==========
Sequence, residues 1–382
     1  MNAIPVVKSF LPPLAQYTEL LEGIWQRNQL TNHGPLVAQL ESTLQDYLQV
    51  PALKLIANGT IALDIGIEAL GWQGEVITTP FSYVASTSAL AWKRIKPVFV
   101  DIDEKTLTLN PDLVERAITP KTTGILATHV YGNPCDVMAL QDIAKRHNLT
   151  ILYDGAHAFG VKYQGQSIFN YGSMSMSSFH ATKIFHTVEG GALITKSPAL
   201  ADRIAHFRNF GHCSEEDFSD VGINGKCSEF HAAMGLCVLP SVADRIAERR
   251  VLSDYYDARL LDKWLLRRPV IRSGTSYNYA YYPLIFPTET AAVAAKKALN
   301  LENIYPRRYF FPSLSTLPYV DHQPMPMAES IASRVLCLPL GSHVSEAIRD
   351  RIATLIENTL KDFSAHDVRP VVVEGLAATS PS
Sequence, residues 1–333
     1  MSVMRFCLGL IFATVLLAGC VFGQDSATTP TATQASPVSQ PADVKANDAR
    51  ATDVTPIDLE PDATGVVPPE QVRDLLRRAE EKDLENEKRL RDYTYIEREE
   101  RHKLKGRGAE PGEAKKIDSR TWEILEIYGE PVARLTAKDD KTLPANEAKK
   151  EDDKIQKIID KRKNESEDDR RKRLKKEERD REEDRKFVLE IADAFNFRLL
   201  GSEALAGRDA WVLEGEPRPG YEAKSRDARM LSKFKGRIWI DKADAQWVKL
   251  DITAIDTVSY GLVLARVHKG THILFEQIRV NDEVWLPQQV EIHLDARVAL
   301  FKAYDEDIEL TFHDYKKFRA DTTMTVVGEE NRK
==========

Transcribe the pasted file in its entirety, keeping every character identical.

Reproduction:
Sequence, residues 1–382
     1  MNAIPVVKSF LPPLAQYTEL LEGIWQRNQL TNHGPLVAQL ESTLQDYLQV
    51  PALKLIANGT IALDIGIEAL GWQGEVITTP FSYVASTSAL AWKRIKPVFV
   101  DIDEKTLTLN PDLVERAITP KTTGILATHV YGNPCDVMAL QDIAKRHNLT
   151  ILYDGAHAFG VKYQGQSIFN YGSMSMSSFH ATKIFHTVEG GALITKSPAL
   201  ADRIAHFRNF GHCSEEDFSD VGINGKCSEF HAAMGLCVLP SVADRIAERR
   251  VLSDYYDARL LDKWLLRRPV IRSGTSYNYA YYPLIFPTET AAVAAKKALN
   301  LENIYPRRYF FPSLSTLPYV DHQPMPMAES IASRVLCLPL GSHVSEAIRD
   351  RIATLIENTL KDFSAHDVRP VVVEGLAATS PS
Sequence, residues 1–333
     1  MSVMRFCLGL IFATVLLAGC VFGQDSATTP TATQASPVSQ PADVKANDAR
    51  ATDVTPIDLE PDATGVVPPE QVRDLLRRAE EKDLENEKRL RDYTYIEREE
   101  RHKLKGRGAE PGEAKKIDSR TWEILEIYGE PVARLTAKDD KTLPANEAKK
   151  EDDKIQKIID KRKNESEDDR RKRLKKEERD REEDRKFVLE IADAFNFRLL
   201  GSEALAGRDA WVLEGEPRPG YEAKSRDARM LSKFKGRIWI DKADAQWVKL
   251  DITAIDTVSY GLVLARVHKG THILFEQIRV NDEVWLPQQV EIHLDARVAL
   301  FKAYDEDIEL TFHDYKKFRA DTTMTVVGEE NRK